Imaging study shows brain responds more to close friends

October 12, 2010, Society for Neuroscience
Brain regions that respond to information about friends are shown in orange and overlap a network of regions known to process personally relevant stimuli; regions that respond more to strangers are in blue. Notably, whether the person was perceived to be similar to the participant made no difference in brain response, suggesting that social alliances outweigh common interests. Credit: Courtesy, with permission: Krienen et al. The Journal of Neuroscience 2010.

People's brains are more responsive to friends than to strangers, even if the stranger has more in common, according to a study in the Oct. 13 issue of The Journal of Neuroscience. Researchers examined a brain region known to be involved in processing social information, and the results suggest that social alliances outweigh shared interests.

In a study led by graduate student Fenna Krienen and senior author Randy Buckner, PhD, of Harvard University, researchers investigated how the medial prefrontal cortex and associated signal someone's value in a social situation. Previous work has shown that perceptions of others' beliefs guide social interactions. Krienen and her colleagues wondered whether these regions respond more to those we know, or to those with whom we share similar interests.

"There are psychological and evolutionary arguments for the idea that the of 'similarity' and 'closeness' could get privileged treatment in the brain; for example, to identify insiders versus outsiders or kin versus non-kin," Krienen said. "However, these results suggest that social closeness is the primary factor, rather than social similarity, as previously assumed."

The researchers first imaged the of 32 participants as they judged how well lists of adjectives described their personalities. This helped to identify brain regions that respond to personally relevant information. In separate experiments, 66 different participants provided personality information about themselves and two friends — one friend whom they believed had similar preferences and one believed to be dissimilar.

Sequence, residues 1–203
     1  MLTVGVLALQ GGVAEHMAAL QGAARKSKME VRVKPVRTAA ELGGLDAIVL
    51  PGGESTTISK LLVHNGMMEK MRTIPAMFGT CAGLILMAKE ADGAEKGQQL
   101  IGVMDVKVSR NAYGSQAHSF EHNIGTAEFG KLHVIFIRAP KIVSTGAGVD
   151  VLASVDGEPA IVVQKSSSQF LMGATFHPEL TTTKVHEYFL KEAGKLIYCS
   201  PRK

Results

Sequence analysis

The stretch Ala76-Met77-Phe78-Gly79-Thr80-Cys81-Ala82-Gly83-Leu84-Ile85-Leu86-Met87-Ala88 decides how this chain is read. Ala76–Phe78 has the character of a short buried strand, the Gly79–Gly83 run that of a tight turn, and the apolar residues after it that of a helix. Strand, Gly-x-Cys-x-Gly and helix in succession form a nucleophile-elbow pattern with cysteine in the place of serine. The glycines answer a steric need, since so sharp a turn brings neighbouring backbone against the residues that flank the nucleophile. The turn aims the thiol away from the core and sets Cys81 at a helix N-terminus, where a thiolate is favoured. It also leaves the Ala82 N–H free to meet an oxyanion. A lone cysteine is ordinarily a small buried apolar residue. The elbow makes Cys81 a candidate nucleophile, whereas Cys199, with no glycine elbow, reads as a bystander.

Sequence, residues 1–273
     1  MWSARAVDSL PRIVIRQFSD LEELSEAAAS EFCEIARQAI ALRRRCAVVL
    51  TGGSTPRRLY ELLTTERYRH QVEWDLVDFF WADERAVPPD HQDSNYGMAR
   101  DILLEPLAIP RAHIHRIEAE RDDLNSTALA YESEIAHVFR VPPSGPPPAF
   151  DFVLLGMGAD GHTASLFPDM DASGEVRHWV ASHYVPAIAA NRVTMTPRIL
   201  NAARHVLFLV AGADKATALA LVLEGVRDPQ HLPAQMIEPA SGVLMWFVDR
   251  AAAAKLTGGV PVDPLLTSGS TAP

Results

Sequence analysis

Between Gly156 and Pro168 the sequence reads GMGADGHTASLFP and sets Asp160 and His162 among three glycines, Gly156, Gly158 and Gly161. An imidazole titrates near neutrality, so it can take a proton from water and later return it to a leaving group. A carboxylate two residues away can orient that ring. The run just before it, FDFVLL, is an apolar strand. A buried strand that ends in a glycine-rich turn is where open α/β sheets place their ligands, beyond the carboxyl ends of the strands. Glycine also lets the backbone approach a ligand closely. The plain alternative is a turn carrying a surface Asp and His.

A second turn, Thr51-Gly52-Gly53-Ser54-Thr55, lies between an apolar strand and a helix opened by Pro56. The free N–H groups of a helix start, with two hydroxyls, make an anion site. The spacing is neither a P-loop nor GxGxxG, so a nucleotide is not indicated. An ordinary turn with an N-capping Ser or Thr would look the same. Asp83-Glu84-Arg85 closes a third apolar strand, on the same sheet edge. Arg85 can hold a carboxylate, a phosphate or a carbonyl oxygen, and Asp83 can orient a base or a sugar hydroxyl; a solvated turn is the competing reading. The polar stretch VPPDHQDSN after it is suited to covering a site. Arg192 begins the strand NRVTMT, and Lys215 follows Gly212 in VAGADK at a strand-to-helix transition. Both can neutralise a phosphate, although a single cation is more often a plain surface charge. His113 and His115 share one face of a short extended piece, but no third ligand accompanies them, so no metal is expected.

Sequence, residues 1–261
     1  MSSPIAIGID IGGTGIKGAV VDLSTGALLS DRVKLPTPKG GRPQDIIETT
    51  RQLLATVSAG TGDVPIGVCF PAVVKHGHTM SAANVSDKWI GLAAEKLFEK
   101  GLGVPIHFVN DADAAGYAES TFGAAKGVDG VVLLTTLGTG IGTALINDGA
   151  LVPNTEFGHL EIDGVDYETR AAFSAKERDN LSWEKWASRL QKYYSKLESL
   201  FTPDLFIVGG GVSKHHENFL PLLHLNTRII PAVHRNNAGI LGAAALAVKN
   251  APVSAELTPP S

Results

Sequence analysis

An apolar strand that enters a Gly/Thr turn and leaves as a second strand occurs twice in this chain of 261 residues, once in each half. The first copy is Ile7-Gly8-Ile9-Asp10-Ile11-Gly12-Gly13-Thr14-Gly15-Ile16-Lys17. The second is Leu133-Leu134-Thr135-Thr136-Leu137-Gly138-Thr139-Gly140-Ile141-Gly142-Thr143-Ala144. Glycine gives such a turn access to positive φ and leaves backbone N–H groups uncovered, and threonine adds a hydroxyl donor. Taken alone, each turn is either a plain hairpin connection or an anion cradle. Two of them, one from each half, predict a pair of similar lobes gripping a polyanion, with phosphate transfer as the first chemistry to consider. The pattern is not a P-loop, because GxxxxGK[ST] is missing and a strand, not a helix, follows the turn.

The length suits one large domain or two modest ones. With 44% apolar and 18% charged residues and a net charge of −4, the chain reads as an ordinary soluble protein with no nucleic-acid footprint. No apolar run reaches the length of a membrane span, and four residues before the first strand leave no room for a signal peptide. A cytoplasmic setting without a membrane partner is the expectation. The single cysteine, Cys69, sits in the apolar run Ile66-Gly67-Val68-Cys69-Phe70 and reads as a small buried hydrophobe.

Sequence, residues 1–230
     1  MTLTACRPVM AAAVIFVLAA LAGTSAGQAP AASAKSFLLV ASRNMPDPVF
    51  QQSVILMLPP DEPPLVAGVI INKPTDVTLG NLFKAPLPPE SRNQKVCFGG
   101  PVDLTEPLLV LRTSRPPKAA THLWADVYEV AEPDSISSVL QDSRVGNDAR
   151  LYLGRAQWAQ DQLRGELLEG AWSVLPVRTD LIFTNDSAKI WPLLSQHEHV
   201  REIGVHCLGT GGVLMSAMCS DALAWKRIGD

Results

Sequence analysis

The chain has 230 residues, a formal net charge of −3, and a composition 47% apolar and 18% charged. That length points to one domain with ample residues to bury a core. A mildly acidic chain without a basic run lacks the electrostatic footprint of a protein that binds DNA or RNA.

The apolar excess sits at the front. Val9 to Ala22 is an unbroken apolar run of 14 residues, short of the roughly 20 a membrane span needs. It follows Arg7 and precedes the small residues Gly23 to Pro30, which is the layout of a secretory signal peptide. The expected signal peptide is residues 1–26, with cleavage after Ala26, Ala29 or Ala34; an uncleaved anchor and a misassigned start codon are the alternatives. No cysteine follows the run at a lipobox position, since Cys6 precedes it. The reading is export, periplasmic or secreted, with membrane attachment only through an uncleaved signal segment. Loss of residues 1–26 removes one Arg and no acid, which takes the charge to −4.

The authors made up biographies of similar and dissimilar strangers for each volunteer based on their personality profiles. Then, while in a scanner, they played a game similar to the TV show "The Newlywed Game," in which participants predicted how another person would answer a question. For example, would a friend or stranger prefer an aisle or window seat on a flight?

The authors found activity in the increased when people answered questions about friends. Notably, whether the person had common interests made no difference in brain response.

"In all experiments, closeness but not similarity appeared to drive responses in medial prefrontal regions and associated regions throughout the brain," Krienen said. "The results suggest social closeness is more important than shared beliefs when evaluating others."

Read Montague, PhD, of Baylor College of Medicine, an expert on decision-making and computational neuroscience, said the study's large number of participants and experimental approach makes it a solid contribution to the field. "The authors address an important component of social cognition — the relevance of people close to us," Montague said.

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